Preliminary studies by our group and others indicate that angiotensin II may have an important role in the cellular regulation of smooth muscle growth and collagen production in the bladder. The exact mechanisms in which angiotensin II elicits its cellular effects are not known. Given the available information thus far, we hypothesize the following (see Figure 2): 1) Outlet obstruction of the bladder causes increased cell stretch/strain which in turn induces the local production of angiotensin II. Angiotensin II may also influence cell stretch/strain via its direct effects on bladder tone. 2) Angiotensin II then acts as a trophic factor in the bladder wall to cause smooth muscle cell hypertrophy/hyperplasia and increased collagen production via an autocrine and/or paracrine pathway. 3) The cellular effect(s) of angiotensin II may be mediated by secondary growth factors such as bFGF and TGFb Much more extensive research is certainly needed to reveal whether some part, or all of this hypothesis is correct. If angiotensin II is indeed active in regulating muscle and collagen changes in the pathologic bladder, then the clinical implications are extremely exciting since numerous pharmacologic agents are now available which can either inhibit angiotensin II production and/or block receptor mediated events. These agents may prove to be extremely useful in the clinical management of the neurogenic bladder in which obstructive changes may be prevented and potentially reversed. Despite this, caution must be exercised with regard to the potential use of any medications which alter the systemic renin- angiotensin system in the pediatric population since some research has suggested that an intact system may be necessary for the normal development of some organs, including the kidney.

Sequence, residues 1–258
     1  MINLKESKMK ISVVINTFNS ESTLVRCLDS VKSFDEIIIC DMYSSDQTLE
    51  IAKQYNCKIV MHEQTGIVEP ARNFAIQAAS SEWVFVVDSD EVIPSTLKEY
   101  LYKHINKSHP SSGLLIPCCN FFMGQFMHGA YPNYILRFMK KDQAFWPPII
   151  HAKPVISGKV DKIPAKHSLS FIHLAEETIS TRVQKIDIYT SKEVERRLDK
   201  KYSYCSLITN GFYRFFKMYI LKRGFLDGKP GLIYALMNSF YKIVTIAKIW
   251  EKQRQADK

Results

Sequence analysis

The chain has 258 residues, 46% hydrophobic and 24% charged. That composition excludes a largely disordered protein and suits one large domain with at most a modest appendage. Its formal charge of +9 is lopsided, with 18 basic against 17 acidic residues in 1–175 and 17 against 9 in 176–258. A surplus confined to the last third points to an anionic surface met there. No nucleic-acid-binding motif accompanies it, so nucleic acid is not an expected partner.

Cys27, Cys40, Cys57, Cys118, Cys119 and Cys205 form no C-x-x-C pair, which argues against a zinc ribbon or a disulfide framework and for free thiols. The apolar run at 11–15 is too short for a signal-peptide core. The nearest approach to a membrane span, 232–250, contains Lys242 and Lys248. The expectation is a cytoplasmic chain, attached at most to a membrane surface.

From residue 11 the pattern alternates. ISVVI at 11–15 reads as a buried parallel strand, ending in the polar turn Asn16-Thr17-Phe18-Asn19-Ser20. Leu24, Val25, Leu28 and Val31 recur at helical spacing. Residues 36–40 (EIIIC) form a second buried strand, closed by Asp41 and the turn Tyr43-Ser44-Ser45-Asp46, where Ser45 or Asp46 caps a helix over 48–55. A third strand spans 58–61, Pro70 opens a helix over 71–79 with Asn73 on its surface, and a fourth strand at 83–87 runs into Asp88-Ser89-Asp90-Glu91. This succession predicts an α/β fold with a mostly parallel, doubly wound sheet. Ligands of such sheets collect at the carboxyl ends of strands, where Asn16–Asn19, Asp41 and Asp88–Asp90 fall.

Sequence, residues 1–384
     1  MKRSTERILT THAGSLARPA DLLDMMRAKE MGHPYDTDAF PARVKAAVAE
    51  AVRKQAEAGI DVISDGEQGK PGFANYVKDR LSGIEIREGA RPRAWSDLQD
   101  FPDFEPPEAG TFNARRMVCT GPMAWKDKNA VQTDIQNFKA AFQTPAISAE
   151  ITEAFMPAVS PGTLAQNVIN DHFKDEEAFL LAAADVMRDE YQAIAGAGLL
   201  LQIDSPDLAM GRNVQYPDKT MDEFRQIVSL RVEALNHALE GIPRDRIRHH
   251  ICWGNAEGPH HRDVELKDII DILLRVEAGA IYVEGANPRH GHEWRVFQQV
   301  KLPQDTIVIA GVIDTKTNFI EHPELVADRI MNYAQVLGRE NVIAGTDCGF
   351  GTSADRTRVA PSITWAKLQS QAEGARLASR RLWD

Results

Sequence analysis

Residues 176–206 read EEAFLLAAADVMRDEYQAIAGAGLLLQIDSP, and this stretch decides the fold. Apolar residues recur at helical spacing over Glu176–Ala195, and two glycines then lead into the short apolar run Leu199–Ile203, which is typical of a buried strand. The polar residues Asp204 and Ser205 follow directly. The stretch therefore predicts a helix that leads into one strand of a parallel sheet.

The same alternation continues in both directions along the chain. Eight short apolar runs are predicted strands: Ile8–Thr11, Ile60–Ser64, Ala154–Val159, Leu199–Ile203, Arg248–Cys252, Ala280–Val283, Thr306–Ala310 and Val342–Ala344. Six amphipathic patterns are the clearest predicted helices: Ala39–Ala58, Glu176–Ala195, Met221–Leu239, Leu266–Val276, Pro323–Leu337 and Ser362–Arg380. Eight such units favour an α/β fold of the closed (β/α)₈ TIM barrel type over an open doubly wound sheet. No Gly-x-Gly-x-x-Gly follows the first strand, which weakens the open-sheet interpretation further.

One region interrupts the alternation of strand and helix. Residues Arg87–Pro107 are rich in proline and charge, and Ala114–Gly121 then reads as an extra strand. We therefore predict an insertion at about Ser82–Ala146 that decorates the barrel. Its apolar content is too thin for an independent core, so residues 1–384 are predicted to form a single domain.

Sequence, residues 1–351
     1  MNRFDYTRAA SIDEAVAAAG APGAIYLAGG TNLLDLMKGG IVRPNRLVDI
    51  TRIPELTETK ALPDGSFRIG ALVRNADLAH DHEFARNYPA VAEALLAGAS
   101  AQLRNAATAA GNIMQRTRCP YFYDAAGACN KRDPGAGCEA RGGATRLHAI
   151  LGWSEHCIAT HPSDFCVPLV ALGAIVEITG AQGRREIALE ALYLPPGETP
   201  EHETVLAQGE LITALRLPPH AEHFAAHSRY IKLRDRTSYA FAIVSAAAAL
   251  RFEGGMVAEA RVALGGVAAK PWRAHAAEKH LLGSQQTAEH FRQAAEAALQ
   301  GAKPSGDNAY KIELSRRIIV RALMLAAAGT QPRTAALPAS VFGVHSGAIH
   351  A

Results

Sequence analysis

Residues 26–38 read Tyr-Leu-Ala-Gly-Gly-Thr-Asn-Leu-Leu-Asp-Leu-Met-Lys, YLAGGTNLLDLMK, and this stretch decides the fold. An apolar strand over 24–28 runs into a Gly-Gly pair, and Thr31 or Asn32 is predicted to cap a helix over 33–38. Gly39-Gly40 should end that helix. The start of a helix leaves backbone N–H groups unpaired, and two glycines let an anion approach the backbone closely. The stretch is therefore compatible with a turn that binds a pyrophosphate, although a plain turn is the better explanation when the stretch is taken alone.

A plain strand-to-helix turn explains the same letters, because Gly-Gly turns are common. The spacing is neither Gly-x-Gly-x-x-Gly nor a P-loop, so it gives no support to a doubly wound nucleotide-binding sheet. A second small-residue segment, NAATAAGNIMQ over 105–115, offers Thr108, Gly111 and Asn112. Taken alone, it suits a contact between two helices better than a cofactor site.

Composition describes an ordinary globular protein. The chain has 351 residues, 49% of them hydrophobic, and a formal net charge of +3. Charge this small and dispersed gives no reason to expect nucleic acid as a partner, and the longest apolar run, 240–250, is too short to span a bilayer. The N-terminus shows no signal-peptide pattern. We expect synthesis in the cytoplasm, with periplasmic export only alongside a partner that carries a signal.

ASJC Scopus subject areas
- Biochemistry, Genetics and Molecular Biology(all)